Most of my academic life has been closely linked with both Trinity College and the Department of Engineering Science at the University of Oxford. I joined as an undergraduate in 2003 and stayed on to complete a doctorate, specialising in mechanical and materials engineering. Following this I spent a year as a postdoc at MIT, working on thermal transport in nano-structured materials. In 2013 I returned to Oxford to take up my present positions: an Associate Professorship in the Department of Engineering Science and a College Lectureship at Trinity. My research involves frequent experiments at other institutions, including close links in the US, Germany, France and Australia.
My tutorial teaching at Trinity covers engineering mathematics, providing essential tools that underpin the more applied aspects of the Engineering Science course. Tutorial teaching happens in groups of 2 or 3 students and is an excellent opportunity to discuss the material in detail and address challenging questions as they arise. In the Department of Engineering Science I give lecture courses on solid mechanics and materials, and organise laboratory sessions.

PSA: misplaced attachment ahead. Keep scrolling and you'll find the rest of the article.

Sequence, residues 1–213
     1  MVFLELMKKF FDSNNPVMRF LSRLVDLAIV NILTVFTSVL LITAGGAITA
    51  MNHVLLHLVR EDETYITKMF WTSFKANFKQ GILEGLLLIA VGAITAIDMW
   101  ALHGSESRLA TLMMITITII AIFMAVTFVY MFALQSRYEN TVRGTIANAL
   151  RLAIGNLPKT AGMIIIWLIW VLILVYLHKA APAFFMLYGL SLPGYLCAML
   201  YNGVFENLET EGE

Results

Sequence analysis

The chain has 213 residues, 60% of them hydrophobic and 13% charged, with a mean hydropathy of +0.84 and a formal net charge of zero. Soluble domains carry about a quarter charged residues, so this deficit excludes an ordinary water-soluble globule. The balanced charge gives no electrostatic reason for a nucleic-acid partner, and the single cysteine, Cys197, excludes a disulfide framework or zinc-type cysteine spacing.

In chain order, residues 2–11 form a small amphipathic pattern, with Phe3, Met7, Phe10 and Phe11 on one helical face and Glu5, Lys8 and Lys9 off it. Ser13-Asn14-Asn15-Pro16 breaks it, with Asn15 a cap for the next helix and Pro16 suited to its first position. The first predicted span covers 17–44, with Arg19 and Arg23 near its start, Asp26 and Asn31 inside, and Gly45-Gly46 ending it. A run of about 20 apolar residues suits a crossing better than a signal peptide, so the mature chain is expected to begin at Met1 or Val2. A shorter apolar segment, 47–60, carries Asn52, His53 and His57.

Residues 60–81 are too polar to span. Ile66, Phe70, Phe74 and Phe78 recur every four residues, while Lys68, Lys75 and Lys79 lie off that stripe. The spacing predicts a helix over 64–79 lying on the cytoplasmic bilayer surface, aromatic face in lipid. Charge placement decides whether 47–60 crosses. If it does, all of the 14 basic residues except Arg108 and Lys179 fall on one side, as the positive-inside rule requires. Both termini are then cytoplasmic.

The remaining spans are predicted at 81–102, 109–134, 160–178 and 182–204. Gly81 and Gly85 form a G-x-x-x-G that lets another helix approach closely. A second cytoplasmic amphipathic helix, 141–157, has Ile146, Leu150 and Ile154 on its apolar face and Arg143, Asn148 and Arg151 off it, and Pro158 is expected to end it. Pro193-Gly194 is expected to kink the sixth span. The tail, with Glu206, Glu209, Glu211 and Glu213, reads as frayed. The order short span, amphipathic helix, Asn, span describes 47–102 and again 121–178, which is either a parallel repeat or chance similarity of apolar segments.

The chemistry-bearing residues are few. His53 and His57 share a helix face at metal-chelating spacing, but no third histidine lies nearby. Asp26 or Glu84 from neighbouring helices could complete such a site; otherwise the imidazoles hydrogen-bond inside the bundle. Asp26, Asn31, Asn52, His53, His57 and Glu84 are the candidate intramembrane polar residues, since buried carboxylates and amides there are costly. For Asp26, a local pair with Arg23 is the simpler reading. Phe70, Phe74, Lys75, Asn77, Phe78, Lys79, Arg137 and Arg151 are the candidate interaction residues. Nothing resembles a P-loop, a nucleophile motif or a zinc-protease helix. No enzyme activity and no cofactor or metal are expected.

Atomic scale defects are central to the mechanical, physical and failure properties of almost all structural alloys. These defects may, for example, be introduced by mechanical deformation, chemical changes or irradiation. I am interested in characterising these defects and understanding the dramatic changes to material behaviour they may cause. To probe their structure and properties I use a wide range of experimental techniques, concentrating in particular on X-ray diffraction. The short wavelength of X-rays, similar to the distance between atoms in many metals, makes them ideal for probing crystal lattice defects. These experiments are combined with models that cover a wide range of length scales, from considering single atoms to macroscopic components. Two main topics I am currently working on are armour materials for future fusion reactors; and focussed ion beam machining for the manufacture of micro-mechanical systems.
- X-ray micro-beam characterization of lattice rotations and distortions due to an individual dislocation; F Hofmann, B Abbey, W Liu, R Xu, BF Usher, E Balaur, Y Liu, Nature Communications 4, 2774 (2013)
- Intrinsic to extrinsic phonon lifetime transition in a GaAs-AlAs superlattice; F Hofmann, J Garg, AA Maznev, A Jandl, M Bulsara, EA Fitzgerald, G Chen, KA Nelson, Journal of Physics: Condensed Matter 25, 29 (2013)
- High Energy Transmission Laue (HETL) micro-beam X-ray diffraction: A probe for intra-granular lattice orientation and elastic strain in thicker samples; F Hofmann, X Song, B Abbey, T-S Jun, AM Korsunsky, Journal of Synchrotron Radiation 19, (2012), pp. 307 – 318